Follow @Openwall on Twitter for new release announcements and other news
[<prev] [next>] [<thread-prev] [day] [month] [year] [list]
Date: Tue, 19 Aug 2014 11:41:19 +0200
From: Pierre Schweitzer <>
Subject: Re: Re: FreeNAS default blank password

Hash: SHA1

In such situation, we can then also wonder about other software such as
Icinga-web, where installation comes with default username and password
(properly documented). Be it using packages or "mainstream"
Such credentials give full access (root access) to the installation.

If Icinga wasn't configured yet, it's not such a drama, but otherwise,
it can become rather critical:
- -> Access to the whole infrastructure schema
- -> Possibility to submit checks which can help to harass a host/service
- -> Possibility to disable all the checks around to shut monitoring down
- -> Possibility to overload the master host by issuing too many checks
(master needs to handle them - MySQL dump, pnp4nagios, perf data
analysis, and so on)

On 19/08/2014 10:46, wrote:
> > My understanding is default/blank admin credentials now == CVE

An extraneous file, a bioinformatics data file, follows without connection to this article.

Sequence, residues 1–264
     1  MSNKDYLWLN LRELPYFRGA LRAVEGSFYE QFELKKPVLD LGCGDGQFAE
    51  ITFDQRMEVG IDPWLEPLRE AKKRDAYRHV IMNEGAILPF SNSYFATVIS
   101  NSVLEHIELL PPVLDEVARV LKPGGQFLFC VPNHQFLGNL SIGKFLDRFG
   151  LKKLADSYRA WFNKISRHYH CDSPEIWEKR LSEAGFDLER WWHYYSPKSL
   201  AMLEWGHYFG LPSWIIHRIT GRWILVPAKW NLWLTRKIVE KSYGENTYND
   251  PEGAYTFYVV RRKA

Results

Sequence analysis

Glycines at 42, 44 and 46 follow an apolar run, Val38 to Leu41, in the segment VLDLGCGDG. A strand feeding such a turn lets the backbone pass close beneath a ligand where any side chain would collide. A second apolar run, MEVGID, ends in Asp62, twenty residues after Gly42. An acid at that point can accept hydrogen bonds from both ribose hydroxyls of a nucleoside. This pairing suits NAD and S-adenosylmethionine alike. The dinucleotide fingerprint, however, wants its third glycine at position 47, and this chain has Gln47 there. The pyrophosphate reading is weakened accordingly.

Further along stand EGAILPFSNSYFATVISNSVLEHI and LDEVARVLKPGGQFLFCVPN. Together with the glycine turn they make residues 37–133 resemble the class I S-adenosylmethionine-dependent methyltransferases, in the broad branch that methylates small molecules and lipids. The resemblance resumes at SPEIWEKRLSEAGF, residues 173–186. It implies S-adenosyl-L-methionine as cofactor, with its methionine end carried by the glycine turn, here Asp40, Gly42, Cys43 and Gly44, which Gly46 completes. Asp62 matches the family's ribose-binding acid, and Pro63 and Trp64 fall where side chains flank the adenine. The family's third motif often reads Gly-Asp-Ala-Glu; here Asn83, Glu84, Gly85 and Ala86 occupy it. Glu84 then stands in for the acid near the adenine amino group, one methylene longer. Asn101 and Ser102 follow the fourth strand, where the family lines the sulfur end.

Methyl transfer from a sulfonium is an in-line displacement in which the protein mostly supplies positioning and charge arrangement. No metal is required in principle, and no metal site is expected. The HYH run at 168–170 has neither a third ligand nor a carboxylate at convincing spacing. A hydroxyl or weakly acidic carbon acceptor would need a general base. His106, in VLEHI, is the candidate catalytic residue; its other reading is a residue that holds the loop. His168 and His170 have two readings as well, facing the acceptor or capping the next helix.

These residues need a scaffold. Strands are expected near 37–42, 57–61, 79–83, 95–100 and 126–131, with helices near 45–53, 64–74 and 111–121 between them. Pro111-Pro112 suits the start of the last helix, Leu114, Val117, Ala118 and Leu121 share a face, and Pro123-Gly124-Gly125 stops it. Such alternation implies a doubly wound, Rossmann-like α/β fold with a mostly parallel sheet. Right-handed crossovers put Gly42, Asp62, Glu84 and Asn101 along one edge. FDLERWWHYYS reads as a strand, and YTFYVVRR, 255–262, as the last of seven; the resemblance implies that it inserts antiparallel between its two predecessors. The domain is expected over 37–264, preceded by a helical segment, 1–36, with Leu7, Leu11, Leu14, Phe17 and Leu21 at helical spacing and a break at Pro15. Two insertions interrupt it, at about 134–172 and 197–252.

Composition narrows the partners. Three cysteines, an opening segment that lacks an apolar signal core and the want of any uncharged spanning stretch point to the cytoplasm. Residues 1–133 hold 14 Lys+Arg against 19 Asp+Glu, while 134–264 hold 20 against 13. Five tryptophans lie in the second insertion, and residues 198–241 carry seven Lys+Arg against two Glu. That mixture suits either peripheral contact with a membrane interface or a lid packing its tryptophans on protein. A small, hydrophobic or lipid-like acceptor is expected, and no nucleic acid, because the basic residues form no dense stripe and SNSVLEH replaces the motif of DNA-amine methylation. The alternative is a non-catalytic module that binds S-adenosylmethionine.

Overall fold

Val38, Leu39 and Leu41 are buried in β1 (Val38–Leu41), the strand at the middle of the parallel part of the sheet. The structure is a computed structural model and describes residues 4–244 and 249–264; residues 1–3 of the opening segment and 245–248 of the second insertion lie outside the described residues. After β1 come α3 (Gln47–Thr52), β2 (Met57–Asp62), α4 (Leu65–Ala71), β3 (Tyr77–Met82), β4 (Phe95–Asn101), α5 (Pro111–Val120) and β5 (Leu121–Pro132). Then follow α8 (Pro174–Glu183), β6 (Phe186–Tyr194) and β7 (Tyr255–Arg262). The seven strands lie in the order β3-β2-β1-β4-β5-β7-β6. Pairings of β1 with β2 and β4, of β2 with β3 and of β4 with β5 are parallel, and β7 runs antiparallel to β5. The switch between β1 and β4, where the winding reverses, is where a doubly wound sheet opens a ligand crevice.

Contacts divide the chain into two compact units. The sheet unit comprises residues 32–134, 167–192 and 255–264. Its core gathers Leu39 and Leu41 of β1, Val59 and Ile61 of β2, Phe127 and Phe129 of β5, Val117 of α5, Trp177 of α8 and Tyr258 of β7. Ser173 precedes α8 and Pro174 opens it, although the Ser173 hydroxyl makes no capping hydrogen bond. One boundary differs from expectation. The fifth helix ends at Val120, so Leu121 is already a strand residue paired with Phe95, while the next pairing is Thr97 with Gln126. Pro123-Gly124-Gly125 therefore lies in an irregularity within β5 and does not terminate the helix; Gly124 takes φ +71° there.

> There isn't a precise rule of this type. For example, there may be
> situations in which the blank credentials can only be entered over a
> trusted interface (for some definition of "trusted" that is consistent
> with the vendor's security policy and otherwise reasonable for the
> product's context).
> > So an attacker can easily race the admin to the WebGUI, set a new
> > password
> Similarly, "race the admin to the WebGUI" situations don't always
> qualify for CVE IDs. There are many products in which the full
> functionality of install.php is available to the first client who
> visits install.php. A product can have a design constraint that
> installation must not require the person to have any ability to use a
> command line (or other non-browser method) for any part of the initial
> product setup. This design constraint was historically reasonable for
> some types of shared web hosting, for example.
> For this FreeNAS case, the blank password seems unreasonable because
>   -- the requirement for a reboot implies that the product is not
>      intended for use in constrained scenarios such as shared web
>      hosting
>   -- the web interface exposes a root shell. This is quite different
>      from a case where use of install.php has a consequence limited to
>      "the machine ends up with a web application that wasn't supposed
>      to be there, and maybe some disk consumption or other minor
>      resource consumption."
> Use CVE-2014-5334.

- -- 
Pierre Schweitzer <pierre at>
System & Network Administrator
Senior Kernel Developer
ReactOS Deutschland e.V.
Version: GnuPG v1


Powered by blists - more mailing lists

Please check out the Open Source Software Security Wiki, which is counterpart to this mailing list.

Confused about mailing lists and their use? Read about mailing lists on Wikipedia and check out these guidelines on proper formatting of your messages.